PAXIL: Acquitted of DUI: Involuntary Intoxication: Virginia

NOTE FROM Ann Blake-Tracy
(www.drugawareness.org):

Because the package insert for Paxil
warns that this antidepressant does produce “alcohol cravings” and we know how
common it is for mania to be induced by SSRIs, with one type of mania being
“Dipsomania” – an overwhelming compulsion to drink alcohol” – this
information needs to be spread far and wide ASAP! Patients are NOT warned
of this when they are given this drug! Few are even given the package insert
which is a “failure to warn” on the part of both the drug maker and the
pharmacist. How many DUIs are being caused by the SSRI antidepressants? We know
that DUIs in middle aged women, the main users of SSRIs, have DOUBLED over
a recent 10 year period. Is there a connection? As a society we need to know.
Where is MADD on this issue?
___________________________________________
The Fifth case from the end reads:  “Defendant was on Paxil, an
anti-depressant drug, and had a few drinks after playing golf. He was arrested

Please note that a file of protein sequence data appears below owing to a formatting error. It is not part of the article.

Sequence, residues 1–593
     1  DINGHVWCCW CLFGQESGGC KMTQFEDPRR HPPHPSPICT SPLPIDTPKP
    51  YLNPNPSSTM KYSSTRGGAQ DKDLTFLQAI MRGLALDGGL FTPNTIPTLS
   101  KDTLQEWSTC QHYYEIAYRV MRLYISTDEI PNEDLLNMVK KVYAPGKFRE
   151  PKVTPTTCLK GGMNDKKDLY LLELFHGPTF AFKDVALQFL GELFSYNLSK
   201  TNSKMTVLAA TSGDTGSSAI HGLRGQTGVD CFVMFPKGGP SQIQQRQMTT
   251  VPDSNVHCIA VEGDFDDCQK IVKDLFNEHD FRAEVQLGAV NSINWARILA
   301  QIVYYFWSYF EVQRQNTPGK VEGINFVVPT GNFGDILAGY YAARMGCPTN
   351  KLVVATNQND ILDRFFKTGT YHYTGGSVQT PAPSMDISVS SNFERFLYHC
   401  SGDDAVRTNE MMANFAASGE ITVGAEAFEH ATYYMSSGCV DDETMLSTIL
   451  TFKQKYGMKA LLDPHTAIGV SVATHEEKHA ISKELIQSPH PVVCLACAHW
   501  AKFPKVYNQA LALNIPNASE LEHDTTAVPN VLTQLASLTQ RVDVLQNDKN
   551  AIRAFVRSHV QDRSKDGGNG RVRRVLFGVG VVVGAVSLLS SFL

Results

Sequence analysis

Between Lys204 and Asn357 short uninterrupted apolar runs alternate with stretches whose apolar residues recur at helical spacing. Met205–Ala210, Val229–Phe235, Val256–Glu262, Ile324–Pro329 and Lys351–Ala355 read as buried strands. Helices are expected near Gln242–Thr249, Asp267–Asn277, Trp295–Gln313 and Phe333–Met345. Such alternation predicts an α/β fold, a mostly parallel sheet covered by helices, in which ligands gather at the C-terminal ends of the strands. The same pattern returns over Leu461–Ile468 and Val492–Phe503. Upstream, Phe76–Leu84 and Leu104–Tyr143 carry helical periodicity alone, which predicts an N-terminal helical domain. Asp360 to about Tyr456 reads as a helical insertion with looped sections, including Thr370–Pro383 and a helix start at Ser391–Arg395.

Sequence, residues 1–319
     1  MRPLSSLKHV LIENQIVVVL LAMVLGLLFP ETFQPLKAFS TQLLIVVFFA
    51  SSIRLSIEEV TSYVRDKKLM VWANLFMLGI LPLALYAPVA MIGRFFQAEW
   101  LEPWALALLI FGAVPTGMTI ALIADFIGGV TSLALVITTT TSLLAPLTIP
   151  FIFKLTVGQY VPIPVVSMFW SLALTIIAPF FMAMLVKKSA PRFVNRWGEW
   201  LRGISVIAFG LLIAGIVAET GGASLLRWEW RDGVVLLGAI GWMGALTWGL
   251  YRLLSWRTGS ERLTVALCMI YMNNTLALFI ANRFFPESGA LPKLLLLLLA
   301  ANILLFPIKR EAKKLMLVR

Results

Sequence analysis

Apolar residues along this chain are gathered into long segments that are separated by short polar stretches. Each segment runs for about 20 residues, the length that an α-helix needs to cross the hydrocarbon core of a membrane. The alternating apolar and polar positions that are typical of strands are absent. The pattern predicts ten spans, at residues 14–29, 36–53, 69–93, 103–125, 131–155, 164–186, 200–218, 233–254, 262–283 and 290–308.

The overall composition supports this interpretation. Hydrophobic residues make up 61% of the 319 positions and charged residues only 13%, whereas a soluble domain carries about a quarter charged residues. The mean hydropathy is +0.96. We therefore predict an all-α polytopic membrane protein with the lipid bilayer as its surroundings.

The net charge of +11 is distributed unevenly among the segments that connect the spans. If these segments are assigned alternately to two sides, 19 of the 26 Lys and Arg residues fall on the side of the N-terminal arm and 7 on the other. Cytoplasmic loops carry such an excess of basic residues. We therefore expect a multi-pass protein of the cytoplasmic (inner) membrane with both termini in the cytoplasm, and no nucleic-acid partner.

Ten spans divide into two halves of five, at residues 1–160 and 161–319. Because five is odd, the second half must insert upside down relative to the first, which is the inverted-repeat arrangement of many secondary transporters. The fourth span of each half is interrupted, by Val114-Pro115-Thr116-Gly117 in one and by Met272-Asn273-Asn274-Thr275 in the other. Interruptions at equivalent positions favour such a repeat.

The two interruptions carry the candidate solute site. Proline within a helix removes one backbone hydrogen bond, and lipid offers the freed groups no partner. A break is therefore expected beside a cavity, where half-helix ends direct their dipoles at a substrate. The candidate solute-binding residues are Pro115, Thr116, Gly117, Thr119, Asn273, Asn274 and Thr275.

and charged with DUI after weaving through traffic.  He was “obviously
impaired” according to his lawyer.  ‘The worst I’d ever seen in 25 years’.”

“An expert testified that Paxil, taken with alcohol, has an “additive
effect” in some people.  The Defendant was never told about this.  The
Court acquitted the Defendant because to self-administer an intoxicant, one must
be aware that they are consuming an intoxicant.

http://virginiadui.poweradvocates.com/dui_defenses.html

4.
Involuntary Intoxication .  Commonwealth v. Moore, February, 2003 (Fairfax
Co. GDC).

Defendant was on Paxil, an anti-depressant drug, and had a few
drinks after playing golf.  He was arrested and charged with DUI after
weaving through traffic.  He was “obviously impaired” according to his
lawyer.  “The worst I’d ever seen in 25 years.”

An expert testified
that Paxil, taken with alcohol, has an “additive effect” in some people.